by: the Common Constitutionalist
Below is a short demonstration pulled from the movie Gasland. Gasland, you may or may not be aware, is a short film highlighting the evils of hydraulic fracturing or fracking. Fracking is a method of drilling to extract oil and gas from the earth.
There is a slight problem with above clip. No, there was no movie magic occurring. Mike Markham’s tap water really did ignite. The problem lies, as it always does, with the honesty of the report. It is not suggested nor implied. We are told outright, the water ignited due to fracking. The evil drillers did this. So where is the problem? The problem is that it is not true. None of it. In the tradition of movies made by Al Gore & Michael Moore, the lies are rampant & claims they make are baseless.
Below are excerpts of a State of Colorado government report refuting the claims of Gasland. It was not sponsored by the Oil & Gas industry. It is a Government report.
Report from the State of Colorado Oil & Gas Conservation Commission:
The documentary Gasland has attracted wide attention. Among other things, it alleges that the hydraulic fracturing of oil and gas wells has contaminated nearby water wells with methane in a number of states including Colorado. Because an informed public debate on hydraulic fracturing depends on accurate information, the Colorado Oil and Gas Conservation Commission (COGCC) would like to correct several errors in the film’s portrayal of the Colorado incidents.
Methane is a natural hydrocarbon gas that is flammable and explosive in certain concentrations. It is produced either by bacteria or by geologic processes involving heat and pressure. Biogenic methane is created by the decomposition of organic material through fermentation, as is commonly seen in wetlands, or by the chemical reduction of carbon dioxide. It is found in some shallow, water-bearing geologic formations, into which water wells are sometimes completed. Thermogenic methane is created by the thermal decomposition of buried organic material. It is found in rocks buried deeper within the earth and is produced by drilling an oil and gas well and hydraulically fracturing the rocks that contain the gas. In Colorado, thermogenic methane is generally associated with oil and gas development, while biogenic methane is not.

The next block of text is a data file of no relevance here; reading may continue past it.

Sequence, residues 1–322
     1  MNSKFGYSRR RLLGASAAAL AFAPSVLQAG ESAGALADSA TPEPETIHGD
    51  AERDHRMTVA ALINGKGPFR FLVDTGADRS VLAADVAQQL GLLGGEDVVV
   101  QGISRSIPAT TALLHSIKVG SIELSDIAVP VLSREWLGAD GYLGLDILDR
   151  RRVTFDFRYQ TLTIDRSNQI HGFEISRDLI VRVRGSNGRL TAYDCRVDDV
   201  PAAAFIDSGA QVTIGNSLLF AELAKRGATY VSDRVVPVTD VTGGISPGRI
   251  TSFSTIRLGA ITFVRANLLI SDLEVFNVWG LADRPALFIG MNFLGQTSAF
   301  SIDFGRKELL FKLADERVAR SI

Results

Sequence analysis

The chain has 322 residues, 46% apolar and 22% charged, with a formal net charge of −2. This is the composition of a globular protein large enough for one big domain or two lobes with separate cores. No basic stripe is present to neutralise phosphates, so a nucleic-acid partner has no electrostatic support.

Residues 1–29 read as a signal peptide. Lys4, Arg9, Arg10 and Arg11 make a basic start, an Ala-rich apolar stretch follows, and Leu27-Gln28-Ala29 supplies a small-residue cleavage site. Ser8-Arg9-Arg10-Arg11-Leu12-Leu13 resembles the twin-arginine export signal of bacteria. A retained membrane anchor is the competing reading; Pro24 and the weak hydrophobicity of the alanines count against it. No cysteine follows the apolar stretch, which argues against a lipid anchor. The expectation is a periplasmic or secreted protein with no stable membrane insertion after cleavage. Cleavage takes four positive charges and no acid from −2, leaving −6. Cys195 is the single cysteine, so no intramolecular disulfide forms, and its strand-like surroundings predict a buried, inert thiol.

Based upon our review of hundreds of Colorado gas samples over many years, the COGCC is able to differentiate between biogenic and thermogenic methane using both stable isotope analysis of the methane and compositional analysis of the gas.
In the Denver-Julesburg and Piceance Basins, the COGCC has consistently found that biogenic gas contains only methane and a very small amount of ethane, while thermogenic gas contains not just methane and ethane but also heavier hydrocarbons such as propane, butane, pentane, and hexanes.
Gasland incorrectly attributes several cases of water well contamination in Colorado to oil and gas development when our investigations determined that the wells in question contained biogenic methane that is not attributable to such development.
We (COGCC) concluded that Mike Markham’s and Renee McClure’s wells contained biogenic gas that was not related to oil and gas activity. Unfortunately, Gasland does not mention our McClure finding and dismisses our Markham finding out of hand.
Laboratory analysis confirmed that the Markham and McClure wells contained biogenic methane typical of gas that is naturally found in the coals of the Laramie–Fox Hills Aquifer, from where both households draw their water.
Water samples from the wells were analyzed for benzene, toluene, ethylbenzene, and xylenes (BTEX), which are constituents of the hydrocarbons produced by oil and gas wells in the area and all associated with thermogenic gas. The absence of any BTEX compounds in these water samples provided additional evidence that oil and gas activity did not contaminate the Markham and McClure wells.
You may read the entire COGCC report here
There is a new film being released called “Fracknation”, that extol the benefits & give the viewer the real story of fracking, not the lies and over-hyped fear mongering of “Gasland”.
The following is an interview with Fracknation filmmaker Ann McElhinney: